The 16th Century Literature

February 4, 2017 – 12:55 am

IntroductionAuthor: I. Abbasi A.

•12:12 PM

Literary works in sixteenth-century England were rarely if ever created in isolation from other currents in the social and cultural world. The boundaries that divided the texts we now regard as aesthetic from other texts were porous and constantly shifting. It is perfectly acceptable, of course, for the purposes of reading to redraw these boundaries more decisively, treating Renaissance texts as if they were islands of the autonomous literary imagination. One of the greatest writers of the period, Sir Philip Sidney, defended poetry in just such terms; the poet, Sidney writes in The Defence of Poetry (NAEL 8, 1.953–74), is not constrained by nature or history but freely ranges "only within the zodiac of his own wit." But Sidney knew well, and from painful personal experience, how much this vision of golden autonomy was contracted by the pressures, perils, and longings of the brazen world. And only a few pages after he imagines the poet orbiting entirely within the constellations of his own intellect, he advances a very different vision, one in which the poet's words not only imitate reality but also actively change it.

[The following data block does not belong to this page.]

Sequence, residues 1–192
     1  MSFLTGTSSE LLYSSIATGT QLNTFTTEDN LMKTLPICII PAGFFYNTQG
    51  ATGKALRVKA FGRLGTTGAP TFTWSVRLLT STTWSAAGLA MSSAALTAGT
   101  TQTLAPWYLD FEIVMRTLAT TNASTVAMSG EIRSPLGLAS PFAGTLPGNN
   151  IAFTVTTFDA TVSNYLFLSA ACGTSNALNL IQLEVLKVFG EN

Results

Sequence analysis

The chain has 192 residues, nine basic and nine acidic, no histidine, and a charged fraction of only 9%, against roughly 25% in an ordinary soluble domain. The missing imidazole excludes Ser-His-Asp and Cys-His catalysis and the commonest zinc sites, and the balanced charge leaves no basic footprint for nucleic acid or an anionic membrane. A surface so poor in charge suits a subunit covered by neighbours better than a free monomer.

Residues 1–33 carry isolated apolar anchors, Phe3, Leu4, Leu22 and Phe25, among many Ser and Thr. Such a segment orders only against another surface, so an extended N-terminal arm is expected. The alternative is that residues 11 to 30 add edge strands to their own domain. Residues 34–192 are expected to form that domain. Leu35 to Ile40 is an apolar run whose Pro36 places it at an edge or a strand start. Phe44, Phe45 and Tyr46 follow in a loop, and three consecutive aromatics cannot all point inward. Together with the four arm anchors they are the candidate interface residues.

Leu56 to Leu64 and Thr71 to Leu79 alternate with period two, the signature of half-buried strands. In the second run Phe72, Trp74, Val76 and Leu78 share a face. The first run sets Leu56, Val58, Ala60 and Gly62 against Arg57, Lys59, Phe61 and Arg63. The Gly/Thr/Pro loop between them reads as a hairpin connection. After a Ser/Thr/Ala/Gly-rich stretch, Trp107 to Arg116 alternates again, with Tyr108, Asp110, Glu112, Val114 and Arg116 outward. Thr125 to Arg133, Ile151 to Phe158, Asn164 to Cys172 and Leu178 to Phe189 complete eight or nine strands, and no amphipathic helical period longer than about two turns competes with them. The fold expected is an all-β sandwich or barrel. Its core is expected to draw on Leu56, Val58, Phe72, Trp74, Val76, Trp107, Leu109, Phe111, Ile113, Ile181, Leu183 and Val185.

We have no way of knowing to what extent, if at all, this dream of literary power was ever realized in the world. We do know that many sixteenth-century artists, such as Christopher Marlowe, Edmund Spenser, and William Shakespeare, brooded on the magical, transforming power of art. This power could be associated with civility and virtue, as Sidney claims, but it could also have the demonic qualities manifested by the "pleasing words" of Spenser's enchanter, Archimago (NAEL 8, 1.714–902), or by the incantations of Marlowe's Doctor Faustus (NAEL 8, 1.1022–1057). It is significant that Marlowe's great play was written at a time in which the possibility of sorcery was not merely a theatrical fantasy but a widely shared fear, a fear upon which the state could act — as the case of Doctor Fian vividly shows — with horrendous ferocity. Marlowe was himself the object of suspicion and hostility, as indicated by the strange report filed by a secret agent, Richard Baines, professing to list Marlowe's wildly heretical opinions, and by the gleeful (and factually inaccurate) report by the Puritan Thomas Beard of Marlowe's death.

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